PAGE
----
What kind of sorrow or apology is one that does not confess guilt?

The sacrifices of God are a broken spirit; a broken and contrite heart, O God, you will not despise.

Psalm 51:17

A true spirit of humility; to be contrite is to recognize my sinful state before the Holy God in whose presence no evil can stand.

The only way that I can approach God, is to not only say that I am sorry, but also come to Him with godly repentance that leads to everlasting life.

For godly grief produces a repentance that leads to salvation without regret, whereas worldly grief produces death.

2 Corinthians 7:10

Worldy sorrow says, “I am sorry that I am caught in my sin.” Godly sorrow conveys, “Against a Holy God I have sinned and I ask you to forgive me and lead me in Your paths of righteousness.”

This year I would like to propose two new practices for us.

First let us, like the man in the video below, confess to Jesus our sins and the sins of our people and ask Christ to have mercy on us.

Secondly, would you join me in praying for the nations via Operation World? Click here to subscribe for the 60 day prayer e-mails that will be delivered to your inbox. The prayer prompts feature Prayercast videos that can guide your prayers for the nations. They also highlight unreached people groups within each country. Unreached means that less than 2% of that population has ever heard of the gospel of Jesus Christ.

I hope that you will join me.

Let us all learn from the humble prayers of brothers and sisters in Christ Jesus around the globe.

Linking up with:

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Things I Should Know

As I re-wipe counters that were morning clean, fold and put away the same shirts and underwear as last week, and re-sweep floors that were a few days ago Swiffer fresh, I should know…

Since the fall of man in the Garden of Eden, everything here on planet earth is temporary.

Man is like a breath, his days are like a passing shadow. ~Psalm 144:4

That I like Moses should pray,

So teach us to number our days that we may get a heart of wisdom.

~Psalm 90:12

Feet will not always dangle from seats too high.

Imaginative play lasts only for a season.

Even tantrums, the “no” stage, and time-outs will eventually fade away.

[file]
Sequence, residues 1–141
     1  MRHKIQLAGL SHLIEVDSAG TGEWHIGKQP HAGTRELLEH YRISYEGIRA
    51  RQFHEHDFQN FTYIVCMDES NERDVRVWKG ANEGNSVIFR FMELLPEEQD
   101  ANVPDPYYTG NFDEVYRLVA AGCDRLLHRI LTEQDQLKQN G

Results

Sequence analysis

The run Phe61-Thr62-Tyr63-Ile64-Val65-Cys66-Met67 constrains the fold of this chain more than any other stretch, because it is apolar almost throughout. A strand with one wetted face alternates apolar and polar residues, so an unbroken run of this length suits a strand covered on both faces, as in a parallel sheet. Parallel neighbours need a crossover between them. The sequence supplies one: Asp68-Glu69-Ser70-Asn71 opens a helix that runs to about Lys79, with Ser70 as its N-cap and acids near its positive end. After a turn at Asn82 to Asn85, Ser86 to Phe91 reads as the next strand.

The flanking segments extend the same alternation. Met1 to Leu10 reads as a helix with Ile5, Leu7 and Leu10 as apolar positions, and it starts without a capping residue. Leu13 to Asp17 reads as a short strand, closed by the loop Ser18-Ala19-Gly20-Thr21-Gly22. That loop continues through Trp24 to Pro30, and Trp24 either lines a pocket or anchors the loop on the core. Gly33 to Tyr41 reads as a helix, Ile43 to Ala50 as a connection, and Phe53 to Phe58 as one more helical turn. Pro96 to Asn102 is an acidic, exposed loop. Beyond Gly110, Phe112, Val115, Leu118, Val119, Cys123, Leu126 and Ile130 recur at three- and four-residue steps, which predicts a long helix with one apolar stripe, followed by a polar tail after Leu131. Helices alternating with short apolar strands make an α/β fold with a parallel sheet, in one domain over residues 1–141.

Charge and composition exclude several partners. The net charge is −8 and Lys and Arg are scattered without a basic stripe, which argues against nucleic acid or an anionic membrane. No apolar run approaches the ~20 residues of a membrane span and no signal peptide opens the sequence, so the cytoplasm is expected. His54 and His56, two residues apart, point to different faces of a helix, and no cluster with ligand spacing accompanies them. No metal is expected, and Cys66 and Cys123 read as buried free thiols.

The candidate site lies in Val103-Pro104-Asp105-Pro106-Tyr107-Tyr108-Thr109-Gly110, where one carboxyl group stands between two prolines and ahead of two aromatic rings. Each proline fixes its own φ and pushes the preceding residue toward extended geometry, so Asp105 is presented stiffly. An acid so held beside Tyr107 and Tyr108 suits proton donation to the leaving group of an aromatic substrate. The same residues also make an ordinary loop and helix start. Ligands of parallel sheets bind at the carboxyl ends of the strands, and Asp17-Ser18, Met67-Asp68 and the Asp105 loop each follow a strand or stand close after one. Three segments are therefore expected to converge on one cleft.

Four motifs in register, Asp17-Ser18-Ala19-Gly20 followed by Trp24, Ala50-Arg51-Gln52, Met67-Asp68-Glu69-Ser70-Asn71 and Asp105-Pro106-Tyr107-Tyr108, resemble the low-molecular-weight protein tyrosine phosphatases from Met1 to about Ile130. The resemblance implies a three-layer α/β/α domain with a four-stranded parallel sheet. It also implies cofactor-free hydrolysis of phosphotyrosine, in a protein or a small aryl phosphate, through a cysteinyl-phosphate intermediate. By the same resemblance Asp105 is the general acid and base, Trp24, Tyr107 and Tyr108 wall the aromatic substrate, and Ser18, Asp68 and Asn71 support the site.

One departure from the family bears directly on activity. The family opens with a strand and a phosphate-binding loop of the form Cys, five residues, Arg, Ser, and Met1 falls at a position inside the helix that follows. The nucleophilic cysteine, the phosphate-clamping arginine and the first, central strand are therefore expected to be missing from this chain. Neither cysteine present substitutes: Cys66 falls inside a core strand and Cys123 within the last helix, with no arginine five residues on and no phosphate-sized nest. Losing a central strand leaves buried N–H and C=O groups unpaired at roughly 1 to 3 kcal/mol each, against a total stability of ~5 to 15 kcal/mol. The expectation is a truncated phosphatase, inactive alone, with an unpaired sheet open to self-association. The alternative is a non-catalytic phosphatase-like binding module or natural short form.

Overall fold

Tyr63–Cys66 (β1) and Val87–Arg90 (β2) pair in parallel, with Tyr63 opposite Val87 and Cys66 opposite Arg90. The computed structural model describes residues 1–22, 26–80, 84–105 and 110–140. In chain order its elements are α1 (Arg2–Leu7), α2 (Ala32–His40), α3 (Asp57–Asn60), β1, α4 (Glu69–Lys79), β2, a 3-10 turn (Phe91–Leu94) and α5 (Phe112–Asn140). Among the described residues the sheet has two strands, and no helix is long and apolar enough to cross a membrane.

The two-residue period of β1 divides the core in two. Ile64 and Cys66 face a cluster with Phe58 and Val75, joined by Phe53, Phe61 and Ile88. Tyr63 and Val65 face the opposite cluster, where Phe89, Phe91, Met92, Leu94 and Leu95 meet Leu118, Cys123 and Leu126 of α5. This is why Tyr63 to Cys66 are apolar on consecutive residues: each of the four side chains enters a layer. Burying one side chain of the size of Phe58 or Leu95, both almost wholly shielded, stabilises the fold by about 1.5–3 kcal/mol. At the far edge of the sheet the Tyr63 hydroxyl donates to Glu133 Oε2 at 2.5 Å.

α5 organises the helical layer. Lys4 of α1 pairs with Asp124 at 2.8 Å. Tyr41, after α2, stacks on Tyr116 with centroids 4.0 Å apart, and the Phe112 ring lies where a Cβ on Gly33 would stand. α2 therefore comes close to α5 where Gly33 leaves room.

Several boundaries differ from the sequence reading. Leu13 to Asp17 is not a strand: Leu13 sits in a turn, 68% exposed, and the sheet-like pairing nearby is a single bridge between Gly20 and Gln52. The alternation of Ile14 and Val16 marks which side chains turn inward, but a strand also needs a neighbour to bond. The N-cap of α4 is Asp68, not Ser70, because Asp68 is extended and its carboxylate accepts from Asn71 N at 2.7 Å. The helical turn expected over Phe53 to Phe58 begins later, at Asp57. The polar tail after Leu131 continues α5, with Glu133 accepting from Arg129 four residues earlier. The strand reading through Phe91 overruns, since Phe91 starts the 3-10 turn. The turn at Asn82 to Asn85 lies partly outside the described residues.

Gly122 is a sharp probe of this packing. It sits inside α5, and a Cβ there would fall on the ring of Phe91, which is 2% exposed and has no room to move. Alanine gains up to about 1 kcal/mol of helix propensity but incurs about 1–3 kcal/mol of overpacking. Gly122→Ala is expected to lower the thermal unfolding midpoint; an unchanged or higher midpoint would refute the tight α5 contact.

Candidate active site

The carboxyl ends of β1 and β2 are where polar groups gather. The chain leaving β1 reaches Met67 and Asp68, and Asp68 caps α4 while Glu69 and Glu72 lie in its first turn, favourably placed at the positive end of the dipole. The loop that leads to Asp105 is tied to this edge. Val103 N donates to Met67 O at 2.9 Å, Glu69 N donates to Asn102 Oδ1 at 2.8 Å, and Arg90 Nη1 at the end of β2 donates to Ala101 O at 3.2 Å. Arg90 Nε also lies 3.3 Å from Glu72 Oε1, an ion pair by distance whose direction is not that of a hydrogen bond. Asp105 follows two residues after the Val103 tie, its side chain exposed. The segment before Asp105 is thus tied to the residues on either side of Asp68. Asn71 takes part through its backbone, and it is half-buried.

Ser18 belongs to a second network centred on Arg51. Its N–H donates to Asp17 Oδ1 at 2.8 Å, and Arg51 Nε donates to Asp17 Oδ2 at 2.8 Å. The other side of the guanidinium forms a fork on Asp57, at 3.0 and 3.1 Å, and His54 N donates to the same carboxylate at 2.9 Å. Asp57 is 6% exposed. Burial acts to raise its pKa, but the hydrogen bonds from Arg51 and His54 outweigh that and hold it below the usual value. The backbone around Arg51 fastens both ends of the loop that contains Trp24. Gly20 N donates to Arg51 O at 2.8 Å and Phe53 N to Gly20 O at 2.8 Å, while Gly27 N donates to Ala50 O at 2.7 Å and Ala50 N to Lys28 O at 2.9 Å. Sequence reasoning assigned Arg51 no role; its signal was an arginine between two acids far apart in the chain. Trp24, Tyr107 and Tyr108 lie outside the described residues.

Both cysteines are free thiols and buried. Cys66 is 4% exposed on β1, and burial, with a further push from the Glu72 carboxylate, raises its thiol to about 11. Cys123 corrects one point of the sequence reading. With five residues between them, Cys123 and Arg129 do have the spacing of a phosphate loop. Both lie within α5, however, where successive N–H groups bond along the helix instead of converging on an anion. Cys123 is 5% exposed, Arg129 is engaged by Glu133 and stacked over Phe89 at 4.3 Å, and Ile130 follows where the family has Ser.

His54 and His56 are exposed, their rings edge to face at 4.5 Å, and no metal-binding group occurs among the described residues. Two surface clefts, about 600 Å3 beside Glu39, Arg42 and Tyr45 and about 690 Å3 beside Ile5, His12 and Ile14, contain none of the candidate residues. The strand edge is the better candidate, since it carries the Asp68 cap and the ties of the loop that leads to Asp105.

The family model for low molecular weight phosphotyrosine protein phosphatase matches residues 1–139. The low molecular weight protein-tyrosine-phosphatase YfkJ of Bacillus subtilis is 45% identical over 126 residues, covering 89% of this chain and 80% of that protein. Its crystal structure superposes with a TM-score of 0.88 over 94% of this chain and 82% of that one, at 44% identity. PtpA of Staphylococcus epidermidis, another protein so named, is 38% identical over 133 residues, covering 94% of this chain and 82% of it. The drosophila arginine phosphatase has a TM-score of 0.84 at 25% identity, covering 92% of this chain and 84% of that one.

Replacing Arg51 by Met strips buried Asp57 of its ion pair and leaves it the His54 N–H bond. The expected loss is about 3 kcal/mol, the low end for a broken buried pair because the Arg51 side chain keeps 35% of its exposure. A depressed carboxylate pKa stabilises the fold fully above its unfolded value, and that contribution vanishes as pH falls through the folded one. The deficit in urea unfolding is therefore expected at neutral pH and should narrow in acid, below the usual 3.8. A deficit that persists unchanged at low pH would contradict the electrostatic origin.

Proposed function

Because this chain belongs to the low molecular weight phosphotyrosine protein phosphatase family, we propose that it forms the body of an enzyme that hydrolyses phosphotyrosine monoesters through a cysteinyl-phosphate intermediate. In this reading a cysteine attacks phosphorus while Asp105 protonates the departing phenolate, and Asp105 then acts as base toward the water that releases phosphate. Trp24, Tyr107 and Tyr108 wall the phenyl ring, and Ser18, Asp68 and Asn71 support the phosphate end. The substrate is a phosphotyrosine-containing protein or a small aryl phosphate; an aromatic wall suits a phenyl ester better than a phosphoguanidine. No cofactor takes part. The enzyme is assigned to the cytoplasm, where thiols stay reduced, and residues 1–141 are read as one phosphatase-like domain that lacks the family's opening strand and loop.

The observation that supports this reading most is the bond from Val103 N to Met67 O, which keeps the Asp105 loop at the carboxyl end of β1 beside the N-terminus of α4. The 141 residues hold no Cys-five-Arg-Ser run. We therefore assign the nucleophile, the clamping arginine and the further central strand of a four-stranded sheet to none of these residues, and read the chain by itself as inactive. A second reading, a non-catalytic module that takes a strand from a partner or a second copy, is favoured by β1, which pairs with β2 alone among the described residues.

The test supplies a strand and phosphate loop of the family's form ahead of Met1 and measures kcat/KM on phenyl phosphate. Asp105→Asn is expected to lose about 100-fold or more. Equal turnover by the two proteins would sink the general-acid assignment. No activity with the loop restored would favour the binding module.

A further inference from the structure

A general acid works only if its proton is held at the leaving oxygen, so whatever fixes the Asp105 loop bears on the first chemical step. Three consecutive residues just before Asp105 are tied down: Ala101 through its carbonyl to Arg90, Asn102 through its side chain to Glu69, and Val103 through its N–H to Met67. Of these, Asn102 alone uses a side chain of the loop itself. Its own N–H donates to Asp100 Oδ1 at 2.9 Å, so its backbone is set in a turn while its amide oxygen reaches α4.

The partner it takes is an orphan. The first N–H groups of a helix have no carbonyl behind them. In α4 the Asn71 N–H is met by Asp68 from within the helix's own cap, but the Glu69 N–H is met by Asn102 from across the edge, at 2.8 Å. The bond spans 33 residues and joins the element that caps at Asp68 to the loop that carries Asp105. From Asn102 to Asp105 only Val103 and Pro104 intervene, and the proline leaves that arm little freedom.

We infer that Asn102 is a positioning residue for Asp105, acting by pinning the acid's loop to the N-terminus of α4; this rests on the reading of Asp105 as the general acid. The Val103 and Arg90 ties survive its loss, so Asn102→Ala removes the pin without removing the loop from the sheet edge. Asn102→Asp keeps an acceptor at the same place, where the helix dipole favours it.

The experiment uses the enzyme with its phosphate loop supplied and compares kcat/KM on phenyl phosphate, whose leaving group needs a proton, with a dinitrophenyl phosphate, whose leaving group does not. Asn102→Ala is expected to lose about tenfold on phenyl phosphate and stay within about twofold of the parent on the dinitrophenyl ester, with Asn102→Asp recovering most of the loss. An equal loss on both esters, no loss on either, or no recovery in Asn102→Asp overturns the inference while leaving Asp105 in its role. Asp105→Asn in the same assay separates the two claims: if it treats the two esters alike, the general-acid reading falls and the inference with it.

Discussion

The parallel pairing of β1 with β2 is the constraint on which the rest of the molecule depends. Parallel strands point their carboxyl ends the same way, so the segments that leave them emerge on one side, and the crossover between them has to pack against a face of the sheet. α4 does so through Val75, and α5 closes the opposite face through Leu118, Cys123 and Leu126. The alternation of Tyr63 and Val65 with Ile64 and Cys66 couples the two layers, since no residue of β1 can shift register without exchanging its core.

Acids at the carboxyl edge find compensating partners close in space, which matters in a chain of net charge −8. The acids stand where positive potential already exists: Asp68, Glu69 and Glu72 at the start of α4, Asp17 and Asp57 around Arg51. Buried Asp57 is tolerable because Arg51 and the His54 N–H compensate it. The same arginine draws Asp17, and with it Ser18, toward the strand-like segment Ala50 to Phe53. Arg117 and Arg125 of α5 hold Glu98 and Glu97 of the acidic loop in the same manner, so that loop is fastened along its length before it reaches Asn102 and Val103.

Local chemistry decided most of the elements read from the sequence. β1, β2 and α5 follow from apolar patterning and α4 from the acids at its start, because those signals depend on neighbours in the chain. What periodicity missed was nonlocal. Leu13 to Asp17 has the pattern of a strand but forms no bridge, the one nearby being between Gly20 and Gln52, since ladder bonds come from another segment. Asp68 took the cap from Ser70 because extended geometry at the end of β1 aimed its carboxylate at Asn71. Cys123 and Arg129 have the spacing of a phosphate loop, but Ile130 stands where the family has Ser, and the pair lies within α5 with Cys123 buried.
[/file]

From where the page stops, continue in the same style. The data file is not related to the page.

Then the little girl and little boy stand up and take their place in God’s world.

Time on earth is temporary and fleeting. Eternity lasts forever.

Shouldn’t I work for the eternal? See my children and their fleeting days till adulthood as a gift and a heritage to be cultivated in tiny hearts? Seek to serve the poor and the persecuted?

Indeed.

I should know that each assignment the Lord gives me on this earth will last, at most, only a lifetime. Perhaps that is why I was drawn to the quote in a Joan Walsh Anglund book this week:

Where is the yesterday that worried us so?

I should know that today is a gift, yesterday a memory, and tomorrow is a hope yet unrealized. I want to be a good steward of today and the resources God entrusted to me within it.

There is pressure in this knowledge, but also freedom.

Dear Father,

Please teach us to number our days that we may gain a heart of wisdom. Help us to live for the eternal, hold onto things loosely, and work for Your glory and fellow man’s good. Help us to seek the things that are above and remember that all victories or defeats in this life are but fleeting. Help us to delight in You and spread your fame through all the earth. Help us to be rich in good deeds and pursue a godly and peacful life. Let us do the work you give us with joy and sow a godly heritage in the children you have blessed us with.

In Jesus Name, Amen.

 

 

 

 

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The Water Ripples and Wrinkles Time

I had not been there in years.

The creek at my father’s birthplace.